I couldn't resist purchasing this, despite the fact that I've already read the majority of these recipes and essays in Elizabeth David's other books I already own. She's tied with Jeffrey Steingarten as my favorite food writer of all time (I love a prickly, disdainful voice in food writing).  The pictures were beautiful. And the recipes, though nothing I don't already know how to cook un-guided, are oddly comforting to read. If you've never read any Elizabeth David, I recommend An Omelet and a Glass of Wine--it's my favorite.  
Anyway, I settled on a Spanish tortilla and a Greek baked-eggplant in tomato sauce. 
Both turned out fabulously. 
A delicious summer dinner. 
I preferred the eggplant dish--eggplants fried in olive oil, then baked under a Greek tomato sauce I made with ripe summer tomatoes, capers, olives, anchovies and garlic. But eggplant has long been my favorite vegetable. I love, love inky, sticky fried eggplant skin.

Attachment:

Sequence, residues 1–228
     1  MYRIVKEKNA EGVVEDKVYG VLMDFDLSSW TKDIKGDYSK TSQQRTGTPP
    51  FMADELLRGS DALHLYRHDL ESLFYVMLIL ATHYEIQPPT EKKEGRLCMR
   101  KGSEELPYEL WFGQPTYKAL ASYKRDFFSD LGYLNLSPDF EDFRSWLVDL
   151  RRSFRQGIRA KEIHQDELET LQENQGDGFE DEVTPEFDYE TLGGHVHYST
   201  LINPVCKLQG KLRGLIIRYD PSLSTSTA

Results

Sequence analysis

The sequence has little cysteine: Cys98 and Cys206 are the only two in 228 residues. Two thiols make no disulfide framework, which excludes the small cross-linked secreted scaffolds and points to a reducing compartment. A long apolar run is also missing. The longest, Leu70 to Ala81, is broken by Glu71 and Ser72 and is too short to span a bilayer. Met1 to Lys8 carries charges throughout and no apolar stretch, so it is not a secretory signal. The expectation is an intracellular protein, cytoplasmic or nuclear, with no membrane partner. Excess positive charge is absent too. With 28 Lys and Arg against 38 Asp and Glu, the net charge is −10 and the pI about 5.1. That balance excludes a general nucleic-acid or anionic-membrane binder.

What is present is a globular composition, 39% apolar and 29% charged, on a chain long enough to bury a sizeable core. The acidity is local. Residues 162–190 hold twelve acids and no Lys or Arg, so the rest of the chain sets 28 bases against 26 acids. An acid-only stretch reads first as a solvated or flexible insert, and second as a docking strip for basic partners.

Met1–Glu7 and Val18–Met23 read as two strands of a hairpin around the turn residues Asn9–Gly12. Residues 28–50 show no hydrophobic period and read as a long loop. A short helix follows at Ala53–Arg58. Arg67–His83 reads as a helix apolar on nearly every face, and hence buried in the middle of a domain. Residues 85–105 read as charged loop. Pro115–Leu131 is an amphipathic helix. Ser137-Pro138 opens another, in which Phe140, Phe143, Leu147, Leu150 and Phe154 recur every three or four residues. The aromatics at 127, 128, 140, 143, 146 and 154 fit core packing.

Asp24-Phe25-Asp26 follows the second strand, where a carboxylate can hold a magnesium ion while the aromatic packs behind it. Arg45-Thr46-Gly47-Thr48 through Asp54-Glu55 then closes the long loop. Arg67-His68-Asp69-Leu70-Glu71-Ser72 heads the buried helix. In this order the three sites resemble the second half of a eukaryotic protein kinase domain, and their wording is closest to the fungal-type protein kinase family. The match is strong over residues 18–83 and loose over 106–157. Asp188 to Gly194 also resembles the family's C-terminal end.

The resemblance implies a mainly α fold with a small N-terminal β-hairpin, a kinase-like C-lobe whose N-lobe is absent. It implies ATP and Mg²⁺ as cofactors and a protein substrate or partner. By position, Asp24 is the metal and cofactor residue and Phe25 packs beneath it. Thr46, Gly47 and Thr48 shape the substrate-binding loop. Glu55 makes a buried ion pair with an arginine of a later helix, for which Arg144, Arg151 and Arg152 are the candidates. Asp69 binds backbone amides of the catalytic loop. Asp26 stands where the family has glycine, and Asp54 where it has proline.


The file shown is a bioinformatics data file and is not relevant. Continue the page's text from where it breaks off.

But my husband and brother both loved the torta more. 
We ate it with some sour cream and an extra-burning (nearly inedibly hot, really) salsa I got from a carniceria. 
Arugula with balsamic, Greek baked eggplant, torta Espaniola. 

This was a fabulous dinner, and a welcome relief from the shameless meat frolic of the summer so far.
I copied the recipe exactly, but didn't soak the potatoes (???this seems stupid) added half an onion, diced, and scattered the top with some parsley and chives. 

Elizabeth David's Spanish Tortilla

A Spanish tortilla is a thick, flat omelette, consisting only of eggs, potatoes and seasonings. It is cooked in olive oil, should be compact and have almost the appearance of a cake, can be eaten hot or cold, and makes a splendid picnic dish, especially for a car journey. A big tortilla will keep moist for three days.
The following recipe, in note form, is exactly as I wrote it down while watching Juanita, the village girl who once cooked for Anthony Denney in his house in the province of Alicante. The notes seem to me to convey the eessential points about making a tortilla more vividly than would a conventional recipe, and I have used them often without in any way altering the method, except to cook the potatoes rather more gently than Juanita did - she was never a patient girl.